FCA investigates Wise CEO Kristo Kaarmann for tax arrears

Kristo Kaarmann, CEO and co-founder of Wise.

Eoin Noonan | Sports File | Getty Images

The CEO of £3.9 billion ($4.8 billion) fintech Wise is under investigation by UK regulators after tax authorities found he failed to pay a tax bill worth over £720,000.

Kristo Kaarmann, co-founder of Wise in 2011, was recently fined £365,651 by Her Majesty’s Revenue and Customs – the UK government agency responsible for collecting taxes – for failing to comply with the tax bill in 2018.

At the time, a company spokesman said Kaarmann late-filed his personal tax returns for the 2017-18 tax year but has since paid off his debt along with “substantial” late-filing penalties.

The British Financial Conduct Authority has now launched an investigation into the matter, Wise announced on Monday. The supervisory authorities check whether Kaarmann has not fulfilled the legal obligations and standards.

The FCA declined to comment on the investigation.

Wise said his board hired outside attorneys to help investigate Kaarmann’s tax violation. The investigation was completed in the fourth quarter of 2021 and its findings were reported to the FCA.

Wise CEO David Wells said the company’s management took Kaarmann’s tax arrears and the FCA investigation “very seriously”.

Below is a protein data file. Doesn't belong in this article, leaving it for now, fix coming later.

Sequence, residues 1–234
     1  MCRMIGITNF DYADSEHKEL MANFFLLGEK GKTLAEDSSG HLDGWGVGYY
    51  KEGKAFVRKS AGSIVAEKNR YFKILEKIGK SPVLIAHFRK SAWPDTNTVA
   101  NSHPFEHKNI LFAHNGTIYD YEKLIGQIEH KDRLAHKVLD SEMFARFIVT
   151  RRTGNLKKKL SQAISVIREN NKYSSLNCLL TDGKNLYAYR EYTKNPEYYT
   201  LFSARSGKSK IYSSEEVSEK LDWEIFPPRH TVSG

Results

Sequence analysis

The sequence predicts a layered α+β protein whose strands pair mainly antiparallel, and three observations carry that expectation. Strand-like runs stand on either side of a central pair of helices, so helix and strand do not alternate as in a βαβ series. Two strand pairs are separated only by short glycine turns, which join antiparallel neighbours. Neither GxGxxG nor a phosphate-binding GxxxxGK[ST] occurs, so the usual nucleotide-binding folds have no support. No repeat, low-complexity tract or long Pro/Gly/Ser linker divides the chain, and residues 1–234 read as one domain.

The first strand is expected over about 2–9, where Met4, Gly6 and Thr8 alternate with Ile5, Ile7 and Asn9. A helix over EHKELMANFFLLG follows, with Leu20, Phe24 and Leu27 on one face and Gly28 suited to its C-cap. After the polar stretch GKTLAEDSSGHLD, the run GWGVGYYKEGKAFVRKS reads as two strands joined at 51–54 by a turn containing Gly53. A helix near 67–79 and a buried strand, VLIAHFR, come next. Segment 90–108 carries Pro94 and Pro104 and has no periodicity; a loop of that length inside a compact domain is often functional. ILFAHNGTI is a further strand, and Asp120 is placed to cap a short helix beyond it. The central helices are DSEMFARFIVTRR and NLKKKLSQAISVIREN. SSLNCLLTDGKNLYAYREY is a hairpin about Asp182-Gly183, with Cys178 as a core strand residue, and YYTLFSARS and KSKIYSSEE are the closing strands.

“Following review of the matter late last year, Kristo’s board requested remedial action, including the appointment of professional tax advisors, to ensure that his personal tax affairs are properly managed,” Wells said.

“The Board has also provided FCA with details of their own findings, assessments and actions and will fully cooperate with FCA as needed, while continuing to support Kristo in his role as CEO.”

The investigation could have significant implications for Wise and its CEO. Kaarmann could be forced to resign and stop working in the industry if regulators decide he doesn’t pass the “fit and proper” test.

A Wise spokesman declined to comment further on the FCA investigation.

Wise’s shares were little on the news Monday. The company’s stock has fallen sharply since its debut in July 2021, losing around 57% of its value.

Wise, which competes with PayPal and Western Union, made a name for itself by cracking down on hidden fees in forex trading and quickly became a darling of the UK start-up scene. The company has since branched out into other finance areas, including banking and investing.